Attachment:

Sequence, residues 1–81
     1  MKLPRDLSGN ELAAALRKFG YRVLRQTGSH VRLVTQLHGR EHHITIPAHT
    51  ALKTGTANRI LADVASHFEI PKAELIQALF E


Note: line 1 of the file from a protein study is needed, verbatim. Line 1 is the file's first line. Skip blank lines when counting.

Sequence, residues 1–81